Are you using advanced analytics, AI, or machine learning to power your business performance? If not…perhaps you should be! But where do you begin?

That was the focus of our webinar on 19 August.

And that’s what we’ll focus on in this blog where we’ll share two use cases with wide applicability that can add value to your data:



Case 1

Cafes, restaurants, shops, libraries, call-centres, emergency services and more, all have one thing in common – they need to ensure they have the right staff available, at the right time, to meet demand. Think of staff rotas and matching staff levels to customer levels. Getting it wrong, and having too few staff, means poor service levels & missed customer opportunities. Alternatively, bringing in too many staff can result in a higher cost, and lower profit, than expected. Balancing supply and demand is a common problem that challenges many organisations across the world.

So how can data help? You can use data analytics to drill down into the day-by-day characteristics of demand (eg day of the week, pay-day, bank holiday, seasonality) in order to improve the day-to-day resource allocation. We recommend an application of modern time-series techniques.

Think of a rota where you want to be able to allocate shifts up to two weeks ahead…

Firstly, you can use a time-series model trained on daily historical data. This can allow for:

  • Trends: discounting longer-term trends, and keeping short-term trends
  • Known past/future influences: day-of-the-week or month, bank holidays, school holidays, Christmas, etc
  • Known past & unknown future influences: for instance, weather is a ‘signal’ in the past that becomes ‘noise’ in the future

Using this approach, you can reasonably forecast trends with a level of uncertainty.

Date - Forecast - Uncertainty

This is a useful start. But quantifying future uncertainty is crucial for decision support.

So secondly, you can build on the time-series model using decision support to minimize negative consequences. We can use statistical decision theory to make optimal recommendations according to assessment of the consequences of getting the supply wrong. For example, it could be far worse to have too few staff in a busy shift, than to have too many staff in a quiet one.


If our forecast includes uncertainty, we can factor this asymmetry of consequences into the choice of shift size to make a smarter, business-focused decision on staff rotas.

What to find out how to do this? Watch our webinar recording or contact

By helping organisations to better match supply to demand, you can ultimately improve efficiency, staff welfare, service levels and profit.

Case 2

Most organisations have many users, customers, or clients and they don’t want to issue a one-size-fits-all approach to them. That’s where customer segmentation comes in – grouping similar types of customers together. Getting this wrong means missing out on valuable customer insight. Plus the potential issuance of non-relevant communications and services to customers causing frustration and potentially missing out on commercial opportunities.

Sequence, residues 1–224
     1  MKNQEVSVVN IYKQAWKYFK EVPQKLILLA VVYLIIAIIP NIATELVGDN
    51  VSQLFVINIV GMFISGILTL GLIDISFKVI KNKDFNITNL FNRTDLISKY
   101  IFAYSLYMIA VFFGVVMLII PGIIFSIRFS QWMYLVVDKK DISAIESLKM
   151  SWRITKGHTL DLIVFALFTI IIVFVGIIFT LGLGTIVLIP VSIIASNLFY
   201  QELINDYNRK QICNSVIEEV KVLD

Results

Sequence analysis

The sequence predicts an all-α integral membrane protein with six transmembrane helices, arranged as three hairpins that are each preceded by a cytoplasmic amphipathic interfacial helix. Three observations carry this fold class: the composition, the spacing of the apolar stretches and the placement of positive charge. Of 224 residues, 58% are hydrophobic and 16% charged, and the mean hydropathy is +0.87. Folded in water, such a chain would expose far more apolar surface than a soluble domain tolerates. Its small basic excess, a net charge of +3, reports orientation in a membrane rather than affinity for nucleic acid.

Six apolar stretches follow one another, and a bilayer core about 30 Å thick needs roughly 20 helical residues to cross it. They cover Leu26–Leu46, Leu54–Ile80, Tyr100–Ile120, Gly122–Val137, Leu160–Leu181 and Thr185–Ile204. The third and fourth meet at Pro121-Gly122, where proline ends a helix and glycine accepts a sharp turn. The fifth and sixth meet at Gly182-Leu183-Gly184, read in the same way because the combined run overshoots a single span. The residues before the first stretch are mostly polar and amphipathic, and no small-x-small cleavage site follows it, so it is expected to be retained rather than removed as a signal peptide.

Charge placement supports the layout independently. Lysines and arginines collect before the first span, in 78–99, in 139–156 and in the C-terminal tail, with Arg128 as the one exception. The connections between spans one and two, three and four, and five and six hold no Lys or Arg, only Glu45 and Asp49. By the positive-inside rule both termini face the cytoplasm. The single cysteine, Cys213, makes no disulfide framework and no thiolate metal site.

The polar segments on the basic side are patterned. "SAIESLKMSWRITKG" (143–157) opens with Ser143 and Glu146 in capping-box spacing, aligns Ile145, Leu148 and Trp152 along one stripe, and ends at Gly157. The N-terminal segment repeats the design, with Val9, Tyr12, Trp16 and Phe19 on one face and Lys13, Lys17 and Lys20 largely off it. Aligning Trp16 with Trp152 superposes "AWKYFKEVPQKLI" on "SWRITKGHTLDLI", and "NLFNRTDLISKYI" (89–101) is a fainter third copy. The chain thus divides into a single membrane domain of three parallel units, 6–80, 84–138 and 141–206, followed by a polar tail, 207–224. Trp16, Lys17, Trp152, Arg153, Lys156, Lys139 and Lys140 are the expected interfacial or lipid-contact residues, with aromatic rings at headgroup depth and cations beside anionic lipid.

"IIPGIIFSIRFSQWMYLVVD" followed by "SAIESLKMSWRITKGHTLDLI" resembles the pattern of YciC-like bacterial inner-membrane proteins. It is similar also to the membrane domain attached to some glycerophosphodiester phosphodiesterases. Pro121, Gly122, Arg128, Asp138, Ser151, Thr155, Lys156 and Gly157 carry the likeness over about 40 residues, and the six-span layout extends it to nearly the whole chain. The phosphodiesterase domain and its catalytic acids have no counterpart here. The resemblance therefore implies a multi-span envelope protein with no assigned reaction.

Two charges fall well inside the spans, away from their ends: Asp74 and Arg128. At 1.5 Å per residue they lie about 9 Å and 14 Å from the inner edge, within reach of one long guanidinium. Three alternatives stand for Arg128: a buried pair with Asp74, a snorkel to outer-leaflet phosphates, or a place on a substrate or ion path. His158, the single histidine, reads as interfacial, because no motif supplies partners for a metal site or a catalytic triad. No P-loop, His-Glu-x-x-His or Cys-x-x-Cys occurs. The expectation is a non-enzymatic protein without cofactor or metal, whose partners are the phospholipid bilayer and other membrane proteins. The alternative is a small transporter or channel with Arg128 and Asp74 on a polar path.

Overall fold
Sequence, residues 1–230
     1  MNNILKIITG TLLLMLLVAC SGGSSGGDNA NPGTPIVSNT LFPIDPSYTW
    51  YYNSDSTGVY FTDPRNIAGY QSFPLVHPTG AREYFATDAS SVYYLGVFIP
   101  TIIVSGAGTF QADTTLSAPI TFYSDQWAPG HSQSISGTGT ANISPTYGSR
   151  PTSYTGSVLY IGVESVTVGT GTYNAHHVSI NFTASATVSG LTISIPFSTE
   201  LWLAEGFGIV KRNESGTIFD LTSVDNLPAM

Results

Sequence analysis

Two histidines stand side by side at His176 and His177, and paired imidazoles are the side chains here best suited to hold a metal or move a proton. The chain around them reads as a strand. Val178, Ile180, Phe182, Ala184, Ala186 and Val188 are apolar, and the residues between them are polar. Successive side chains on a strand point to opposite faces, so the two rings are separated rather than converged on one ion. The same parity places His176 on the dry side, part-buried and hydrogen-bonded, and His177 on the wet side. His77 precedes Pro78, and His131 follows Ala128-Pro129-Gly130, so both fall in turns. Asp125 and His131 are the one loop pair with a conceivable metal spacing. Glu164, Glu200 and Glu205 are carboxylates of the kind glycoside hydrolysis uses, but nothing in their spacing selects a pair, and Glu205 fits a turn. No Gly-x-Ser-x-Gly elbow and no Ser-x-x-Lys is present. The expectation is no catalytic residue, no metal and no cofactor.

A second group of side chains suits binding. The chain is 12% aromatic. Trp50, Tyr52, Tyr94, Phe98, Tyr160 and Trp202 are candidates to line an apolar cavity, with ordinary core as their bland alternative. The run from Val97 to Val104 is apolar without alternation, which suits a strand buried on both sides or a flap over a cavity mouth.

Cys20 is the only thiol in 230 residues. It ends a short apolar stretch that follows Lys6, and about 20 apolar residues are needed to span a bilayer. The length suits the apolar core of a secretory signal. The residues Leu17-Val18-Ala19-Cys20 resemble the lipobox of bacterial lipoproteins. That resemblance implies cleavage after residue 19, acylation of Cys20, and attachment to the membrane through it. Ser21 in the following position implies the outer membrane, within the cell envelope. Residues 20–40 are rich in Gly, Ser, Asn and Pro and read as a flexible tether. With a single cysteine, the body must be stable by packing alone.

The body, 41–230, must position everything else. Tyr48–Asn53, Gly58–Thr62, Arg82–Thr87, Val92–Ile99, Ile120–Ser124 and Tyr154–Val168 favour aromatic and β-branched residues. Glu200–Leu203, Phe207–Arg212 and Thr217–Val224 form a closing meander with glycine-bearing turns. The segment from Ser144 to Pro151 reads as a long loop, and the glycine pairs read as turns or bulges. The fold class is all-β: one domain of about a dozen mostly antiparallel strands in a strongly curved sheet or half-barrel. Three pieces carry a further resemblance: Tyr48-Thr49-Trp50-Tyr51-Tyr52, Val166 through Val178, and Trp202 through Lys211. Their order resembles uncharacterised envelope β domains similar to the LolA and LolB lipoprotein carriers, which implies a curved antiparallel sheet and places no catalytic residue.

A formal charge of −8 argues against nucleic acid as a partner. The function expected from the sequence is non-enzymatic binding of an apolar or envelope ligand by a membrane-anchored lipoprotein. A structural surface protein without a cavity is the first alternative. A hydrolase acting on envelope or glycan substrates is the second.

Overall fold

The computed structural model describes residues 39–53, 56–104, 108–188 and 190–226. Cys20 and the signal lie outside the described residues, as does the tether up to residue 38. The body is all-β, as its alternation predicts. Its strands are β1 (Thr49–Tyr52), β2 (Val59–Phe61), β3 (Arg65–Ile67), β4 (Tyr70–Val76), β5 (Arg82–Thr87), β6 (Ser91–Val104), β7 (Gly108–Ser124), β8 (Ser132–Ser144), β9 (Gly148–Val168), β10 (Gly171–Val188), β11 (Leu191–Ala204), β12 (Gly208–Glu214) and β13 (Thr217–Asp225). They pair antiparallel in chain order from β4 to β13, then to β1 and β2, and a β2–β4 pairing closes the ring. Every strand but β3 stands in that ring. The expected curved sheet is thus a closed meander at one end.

It’s tricky to segment customers with irregular records, such as purchases: the standard methods of cluster analysis (which can also be very useful) don’t apply. Clustering methods on bipartite graphs can address this problem, and potentially give you new insights into what types of customer you have.

Suppose your supermarket has two types of customer:

a. Buys mainly food and toiletries

b. Buys mainly toiletries and booze & fags

If you knew this and organized your records, then they might look like this – with well-organised customer groupings.

Example 1

But, in practice, they’re going to look a lot more like this – with no clear organisation of customers.

Example 2

By using machine learning, partitioning a bipartite graph can reorder your customer records like this – to create well-organised customer groupings.

Example 3

What to find out how to do this in practice? Watch our webinar recording or contact

This approach will give you new insights into the types of customer you have and the capability to deliver targeted, relevant comms and services.

Use data analytics to make smarter decisions

1. Become a leaner, stronger organisation

2. Get ahead of the competition and create a commercial advantage

3. Make or save money

Want to know more about these two use cases? Check out our accompanying webinar here or contact us at

Webinar presenters
Helen Tanner

Helen Tanner

Helen is a data fanatic. Born in the corporate world, she honed her skills at global corporate giants, including AXA, before setting up Data3, the UK data lab. Helen and her team help businesses get closer to their customers, make smarter business decisions and make & save money using data.

Jonty Rougier

Jonty Rougier

Jonty is a consulting statistician who was until recently Professor of Statistical Science and Head of Statistics at the University of Bristol.  He has worked at all levels, from charities and social enterprises up to large PLCs, and with several public sector organisations.  His teaching and research cover both the theory and the practice of statistics and machine learning.